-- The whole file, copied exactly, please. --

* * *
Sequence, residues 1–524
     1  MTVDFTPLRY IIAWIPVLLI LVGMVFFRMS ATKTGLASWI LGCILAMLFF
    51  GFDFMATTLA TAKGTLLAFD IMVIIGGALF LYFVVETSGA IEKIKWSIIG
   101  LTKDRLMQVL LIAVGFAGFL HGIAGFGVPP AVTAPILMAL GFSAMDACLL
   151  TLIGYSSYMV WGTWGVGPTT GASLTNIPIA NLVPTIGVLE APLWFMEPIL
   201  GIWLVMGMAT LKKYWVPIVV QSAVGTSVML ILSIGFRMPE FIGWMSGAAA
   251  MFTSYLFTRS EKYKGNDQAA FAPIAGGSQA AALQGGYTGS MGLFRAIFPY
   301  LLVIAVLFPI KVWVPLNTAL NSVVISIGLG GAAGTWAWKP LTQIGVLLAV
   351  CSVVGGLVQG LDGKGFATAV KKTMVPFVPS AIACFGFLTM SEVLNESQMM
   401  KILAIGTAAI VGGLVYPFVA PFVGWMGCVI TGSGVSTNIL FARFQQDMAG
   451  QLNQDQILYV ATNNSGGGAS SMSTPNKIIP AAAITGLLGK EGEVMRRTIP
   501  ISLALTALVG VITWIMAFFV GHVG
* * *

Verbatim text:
Sequence, residues 1–524
     1  MTVDFTPLRY IIAWIPVLLI LVGMVFFRMS ATKTGLASWI LGCILAMLFF
    51  GFDFMATTLA TAKGTLLAFD IMVIIGGALF LYFVVETSGA IEKIKWSIIG
   101  LTKDRLMQVL LIAVGFAGFL HGIAGFGVPP AVTAPILMAL GFSAMDACLL
   151  TLIGYSSYMV WGTWGVGPTT GASLTNIPIA NLVPTIGVLE APLWFMEPIL
   201  GIWLVMGMAT LKKYWVPIVV QSAVGTSVML ILSIGFRMPE FIGWMSGAAA
   251  MFTSYLFTRS EKYKGNDQAA FAPIAGGSQA AALQGGYTGS MGLFRAIFPY
   301  LLVIAVLFPI KVWVPLNTAL NSVVISIGLG GAAGTWAWKP LTQIGVLLAV
   351  CSVVGGLVQG LDGKGFATAV KKTMVPFVPS AIACFGFLTM SEVLNESQMM
   401  KILAIGTAAI VGGLVYPFVA PFVGWMGCVI TGSGVSTNIL FARFQQDMAG
   451  QLNQDQILYV ATNNSGGGAS SMSTPNKIIP AAAITGLLGK EGEVMRRTIP
   501  ISLALTALVG VITWIMAFFV GHVG